“To this group belonged the Afghan nobles, the Sayids of Barha, and Khan-i-Dauran whose ancestors had come from Badkhshan.” They comprised the Hindustani party. These Indian Muslim nobles depended for their survival on the help and support of Hindus.
The foreign nobles were of diverse origin, generally opposed to the Hindustani party. They had their own divisions. Those who came from “Transoxiana” and other parts of Central Asia, formed the Turani party. They were mostly Sunnis.
The Irani party, on the other hand, were those from the Persian territories and were of Shia dispensation. Under different Mughal emperors, competing factions were more powerful in their turn. The competing groups had in their times, controlled the key positions of state.
I had once the opportunity to meet one of the key chief secretaries of Rajasthan, a highly well-read person who boasted of a library at his home running into over 40,000 volumes. He had claimed his ancestry from the nobles of Iraq. One can hardly differentiate him from any other Indian.
These numerous descendants of the migrants from centuries before now comprise the Indian population. It will not be incorrect to say that people from different parts do still carry their original traits.
Of all the offending parts of Pitroda’s comments were those linking the south Indians to Africans based on skin colours.BJP leaders of South took up the issue with Pitroda by saying yes ‘We are dark coloured. but we are proud Indians’. As such, there is a delusional attitude about the colour of the skin among us Indians. Anyone conversant with ancient Indian history knows that the Africans were the first lot of humans who came to India. A good section crossed the Vindhyas and settled in South India. Who can deny this history? No other country, to be honest, is as apartheid as India and fair skin is always extolled.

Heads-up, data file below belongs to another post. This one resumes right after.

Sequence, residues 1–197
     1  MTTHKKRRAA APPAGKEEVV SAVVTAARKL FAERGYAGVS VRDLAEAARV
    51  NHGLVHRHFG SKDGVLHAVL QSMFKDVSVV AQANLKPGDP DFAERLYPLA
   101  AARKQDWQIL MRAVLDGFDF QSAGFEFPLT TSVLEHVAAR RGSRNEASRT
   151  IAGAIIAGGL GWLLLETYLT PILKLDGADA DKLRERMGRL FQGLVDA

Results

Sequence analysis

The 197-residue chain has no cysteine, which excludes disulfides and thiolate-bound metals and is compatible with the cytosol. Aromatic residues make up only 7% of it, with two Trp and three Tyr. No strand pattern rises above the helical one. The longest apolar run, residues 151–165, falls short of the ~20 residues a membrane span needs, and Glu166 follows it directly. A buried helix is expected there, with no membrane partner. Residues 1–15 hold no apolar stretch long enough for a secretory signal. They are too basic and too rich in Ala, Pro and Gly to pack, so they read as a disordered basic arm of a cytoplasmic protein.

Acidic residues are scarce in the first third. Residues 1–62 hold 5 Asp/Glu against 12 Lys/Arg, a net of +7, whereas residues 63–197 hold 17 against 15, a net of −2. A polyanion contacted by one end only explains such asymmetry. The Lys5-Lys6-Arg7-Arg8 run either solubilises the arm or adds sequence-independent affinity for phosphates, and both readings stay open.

In fact, no other country, to be honest, is as racist as some of the Indians are, including the ruling party leaders. Once again, I had a very improbable insight into this while speaking to one of the sales and marketing gurus of the Indian corporate world. Shunu Sen. He then was the marketing and sales director of Hindustan Lever. .
Levers had a beauty treatment product, “Fair and Lovely” created for ladies. The company was severely criticised for selling false dreams to gullible Indians. The skin creams did not lighten the colours. So, the board of directors tasked Shunu Sen to devise a strategy for withdrawing the product from the market.
Sen embarked on a sales trip across the country to ascertain the use of the product. In that search, Shunu Sen had reached a remote village in Uttar Pradesh where he went to the local groceries shop. Prominently displayed on the dusty shelf, were a couple of packets of “Fair and Lovely” cream.
Curious, Shunu Sen asked the rustic shop-owner why he was keeping that fancy cream. Promptly, the shop-owners replied, Fair and Lovely was the most fast-moving item in the shop. Every week, fathers of marriageable daughters would buy the cream for their daughters. A little lightened skin could save them a hefty part of the cash dowry claims. Shunu Sen had advised the board of directors of Hindusthan Levers not to withdraw the product. That was India three decades ago and the same attitude remains even now in the year 2024. The only fault of Pitroda was that he could not package his words properly. (IPA Service)